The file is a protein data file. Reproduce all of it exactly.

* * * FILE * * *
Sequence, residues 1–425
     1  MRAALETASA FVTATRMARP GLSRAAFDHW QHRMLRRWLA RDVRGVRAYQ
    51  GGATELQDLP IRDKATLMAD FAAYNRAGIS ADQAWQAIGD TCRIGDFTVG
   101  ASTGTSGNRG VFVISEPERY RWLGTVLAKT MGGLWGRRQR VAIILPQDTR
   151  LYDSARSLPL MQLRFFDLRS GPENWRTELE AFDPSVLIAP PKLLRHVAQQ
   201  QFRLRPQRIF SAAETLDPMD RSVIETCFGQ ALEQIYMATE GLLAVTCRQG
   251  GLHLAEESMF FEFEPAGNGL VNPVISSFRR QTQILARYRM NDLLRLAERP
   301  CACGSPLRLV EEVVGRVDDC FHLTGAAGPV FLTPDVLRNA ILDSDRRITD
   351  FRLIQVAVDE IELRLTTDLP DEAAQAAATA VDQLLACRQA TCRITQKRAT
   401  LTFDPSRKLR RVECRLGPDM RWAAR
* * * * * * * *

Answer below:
Sequence, residues 1–425
     1  MRAALETASA FVTATRMARP GLSRAAFDHW QHRMLRRWLA RDVRGVRAYQ
    51  GGATELQDLP IRDKATLMAD FAAYNRAGIS ADQAWQAIGD TCRIGDFTVG
   101  ASTGTSGNRG VFVISEPERY RWLGTVLAKT MGGLWGRRQR VAIILPQDTR
   151  LYDSARSLPL MQLRFFDLRS GPENWRTELE AFDPSVLIAP PKLLRHVAQQ
   201  QFRLRPQRIF SAAETLDPMD RSVIETCFGQ ALEQIYMATE GLLAVTCRQG
   251  GLHLAEESMF FEFEPAGNGL VNPVISSFRR QTQILARYRM NDLLRLAERP
   301  CACGSPLRLV EEVVGRVDDC FHLTGAAGPV FLTPDVLRNA ILDSDRRITD
   351  FRLIQVAVDE IELRLTTDLP DEAAQAAATA VDQLLACRQA TCRITQKRAT
   401  LTFDPSRKLR RVECRLGPDM RWAAR